By Erica Yee
A new student organization, Sandbox, is connecting different communities on campus by empowering students to develop software for Northeastern researchers and, in its community arm, for the university.
The idea for Sandbox came about when Khoury College student Arun Jeevanantham (BS, Computer Science, ‘21) was on co-op in San Francisco and learned about groups at other schools doing software and management consultancy. Inspired, he wanted to bring a similar concept to Northeastern. He mentioned the idea to Da-Jin Chu (BS, Computer Science, ‘21), who was already working with psychology researchers and motivated to create student-driven software.
Together, the two realized there was untapped opportunity for computing work in research on campus. “It was a great opportunity to leave a real impact on people who were doing novel research and help the pace of research at the university advance, too,” says Jeevanantham, now Sandbox’s operations director.
Preparation for Big Research Problems
Up and running as of the Spring 2019 semester, Sandbox is recognized as a Khoury College student organization and has 25 members currently working on six projects. In one, a Sandbox team is helping Signaligner, an interdisciplinary project between faculty at Khoury and Bouvé College of Health Sciences, to build an open-source platform that analyzes and predicts motion activity from devices such as cell phones and smart watches. Their software develops models to label incoming accelerometer data as activities—for example, cooking or lifting weights—based on body movements.
Each research project Sandbox takes on lasts for one semester. This limited timeframe means they must develop contracts with researchers defining what deliverables are possible. Besides accounting for students who may leave on co-op, the semester-long commitment fits with the defined timeframes of many academic research projects.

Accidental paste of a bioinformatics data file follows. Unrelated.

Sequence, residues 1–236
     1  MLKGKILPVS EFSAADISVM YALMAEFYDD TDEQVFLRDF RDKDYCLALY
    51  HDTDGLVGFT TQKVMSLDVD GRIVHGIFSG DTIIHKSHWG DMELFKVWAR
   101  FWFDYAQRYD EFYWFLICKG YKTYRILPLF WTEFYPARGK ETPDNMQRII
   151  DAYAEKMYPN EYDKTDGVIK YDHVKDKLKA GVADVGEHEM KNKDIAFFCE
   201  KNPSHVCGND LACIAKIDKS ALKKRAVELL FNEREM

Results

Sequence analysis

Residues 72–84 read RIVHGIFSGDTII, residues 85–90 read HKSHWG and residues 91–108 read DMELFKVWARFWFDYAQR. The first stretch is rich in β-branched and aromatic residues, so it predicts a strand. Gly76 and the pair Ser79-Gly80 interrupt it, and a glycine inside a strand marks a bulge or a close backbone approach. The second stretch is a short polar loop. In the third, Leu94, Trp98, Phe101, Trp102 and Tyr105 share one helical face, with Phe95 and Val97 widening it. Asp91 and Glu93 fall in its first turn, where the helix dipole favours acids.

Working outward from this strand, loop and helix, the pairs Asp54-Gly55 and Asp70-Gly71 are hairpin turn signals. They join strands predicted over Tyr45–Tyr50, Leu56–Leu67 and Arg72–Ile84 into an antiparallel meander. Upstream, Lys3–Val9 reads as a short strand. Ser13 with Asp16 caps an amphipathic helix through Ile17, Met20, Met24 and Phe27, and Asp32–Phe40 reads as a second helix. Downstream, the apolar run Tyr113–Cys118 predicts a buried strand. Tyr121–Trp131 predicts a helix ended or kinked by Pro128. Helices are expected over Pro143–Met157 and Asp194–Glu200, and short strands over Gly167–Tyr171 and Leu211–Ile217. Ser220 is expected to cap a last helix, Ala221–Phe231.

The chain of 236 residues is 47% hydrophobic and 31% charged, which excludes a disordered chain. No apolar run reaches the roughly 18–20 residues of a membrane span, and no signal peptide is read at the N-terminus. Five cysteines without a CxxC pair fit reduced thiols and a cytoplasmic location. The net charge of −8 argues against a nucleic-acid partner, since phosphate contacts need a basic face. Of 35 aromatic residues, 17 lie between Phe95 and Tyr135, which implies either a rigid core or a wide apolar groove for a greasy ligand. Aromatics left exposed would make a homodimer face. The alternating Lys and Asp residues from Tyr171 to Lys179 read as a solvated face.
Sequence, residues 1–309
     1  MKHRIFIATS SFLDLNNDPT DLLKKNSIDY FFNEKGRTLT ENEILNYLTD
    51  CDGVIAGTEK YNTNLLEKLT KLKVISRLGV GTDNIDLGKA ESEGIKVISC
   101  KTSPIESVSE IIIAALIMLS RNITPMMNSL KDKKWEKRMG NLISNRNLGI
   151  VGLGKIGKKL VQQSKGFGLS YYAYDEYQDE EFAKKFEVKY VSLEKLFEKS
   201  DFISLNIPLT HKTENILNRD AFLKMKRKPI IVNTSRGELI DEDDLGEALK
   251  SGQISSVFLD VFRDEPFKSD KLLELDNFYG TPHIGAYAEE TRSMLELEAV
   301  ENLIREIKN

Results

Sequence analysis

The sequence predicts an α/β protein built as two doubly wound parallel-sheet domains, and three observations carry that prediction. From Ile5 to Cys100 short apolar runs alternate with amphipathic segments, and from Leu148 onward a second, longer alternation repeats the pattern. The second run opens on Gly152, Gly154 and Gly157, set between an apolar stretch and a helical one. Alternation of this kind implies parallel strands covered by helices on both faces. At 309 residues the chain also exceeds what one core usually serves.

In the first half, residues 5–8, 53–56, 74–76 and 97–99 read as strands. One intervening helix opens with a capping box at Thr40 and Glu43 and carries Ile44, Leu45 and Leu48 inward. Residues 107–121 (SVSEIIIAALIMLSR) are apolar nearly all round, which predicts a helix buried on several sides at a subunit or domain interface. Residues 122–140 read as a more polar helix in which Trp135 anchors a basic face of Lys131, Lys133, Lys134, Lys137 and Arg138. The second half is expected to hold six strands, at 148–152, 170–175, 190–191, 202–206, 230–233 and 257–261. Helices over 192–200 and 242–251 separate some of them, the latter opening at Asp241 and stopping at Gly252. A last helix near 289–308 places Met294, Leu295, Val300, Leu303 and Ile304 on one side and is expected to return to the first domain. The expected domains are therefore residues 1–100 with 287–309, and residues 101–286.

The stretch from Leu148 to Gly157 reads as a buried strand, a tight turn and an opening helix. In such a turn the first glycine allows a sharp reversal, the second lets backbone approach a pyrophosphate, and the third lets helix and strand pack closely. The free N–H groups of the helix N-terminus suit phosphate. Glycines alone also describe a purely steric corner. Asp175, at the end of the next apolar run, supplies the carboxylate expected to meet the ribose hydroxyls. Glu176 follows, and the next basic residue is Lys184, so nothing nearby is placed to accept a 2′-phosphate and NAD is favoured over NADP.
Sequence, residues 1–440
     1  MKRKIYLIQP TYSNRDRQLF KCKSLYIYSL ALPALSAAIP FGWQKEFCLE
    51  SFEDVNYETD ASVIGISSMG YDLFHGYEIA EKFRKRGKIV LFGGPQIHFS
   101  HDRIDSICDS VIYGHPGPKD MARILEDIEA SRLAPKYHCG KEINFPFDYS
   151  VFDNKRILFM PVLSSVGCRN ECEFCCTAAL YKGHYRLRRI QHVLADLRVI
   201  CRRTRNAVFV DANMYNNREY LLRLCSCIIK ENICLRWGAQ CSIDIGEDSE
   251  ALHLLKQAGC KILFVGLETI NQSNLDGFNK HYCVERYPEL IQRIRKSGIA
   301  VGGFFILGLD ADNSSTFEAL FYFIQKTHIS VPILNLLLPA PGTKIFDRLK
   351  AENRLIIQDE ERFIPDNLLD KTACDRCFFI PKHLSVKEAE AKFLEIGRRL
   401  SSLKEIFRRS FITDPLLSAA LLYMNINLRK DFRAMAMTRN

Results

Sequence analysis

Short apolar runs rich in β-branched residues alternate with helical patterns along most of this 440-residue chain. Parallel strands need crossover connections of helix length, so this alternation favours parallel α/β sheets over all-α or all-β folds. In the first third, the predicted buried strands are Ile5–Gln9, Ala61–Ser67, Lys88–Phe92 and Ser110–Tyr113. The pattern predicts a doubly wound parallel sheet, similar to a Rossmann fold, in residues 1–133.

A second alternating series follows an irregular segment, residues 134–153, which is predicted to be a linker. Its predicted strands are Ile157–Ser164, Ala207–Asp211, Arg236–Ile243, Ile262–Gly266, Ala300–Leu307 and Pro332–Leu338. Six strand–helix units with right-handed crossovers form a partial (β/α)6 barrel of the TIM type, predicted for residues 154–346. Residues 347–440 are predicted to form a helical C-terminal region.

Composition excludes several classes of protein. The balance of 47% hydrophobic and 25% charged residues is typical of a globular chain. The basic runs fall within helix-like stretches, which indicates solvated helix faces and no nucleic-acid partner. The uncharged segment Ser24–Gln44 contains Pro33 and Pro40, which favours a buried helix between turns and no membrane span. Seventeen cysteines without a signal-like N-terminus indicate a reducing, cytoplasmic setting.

Looking back on what classes helped prepare them for Sandbox, the group’s leaders agree that Fundamentals of Computer Science 1 was key. “Fundies 1,” as it’s often referred to, is a required introductory course for Khoury students.
“We feel like it gives us a great frame of mind to reason about problems, especially when we’re facing big, research-type problems,” says Sandbox executive director Ryan Drew (BS, Computer Science, ‘21). “The knowledge that we get in Fundies 1 of how to structure problems, design programs, and write good code is super useful.”
Marketing director Sauharda Rajbhandari (BS, Combined Computer Science and Economics, ‘22) joined Sandbox right after taking Fundies 1, having never coded in any other context. “These projects are a great way for students to write code that will be for more than just a class project,” he says. “We maintain industry-standard code in Sandbox.”
Teamwork and Kindness
Sandbox members value pair-programming, a practice emphasized in Khoury computer science classes, in which partners take turns writing code. “One of our core values is to learn together. So, pair-programming is a good opportunity for somebody who might not have as much experience to learn from somebody that has used the technology before.” Jeevananthan adds, “It also works the other way around, where even the less experienced person might teach you something about code design.”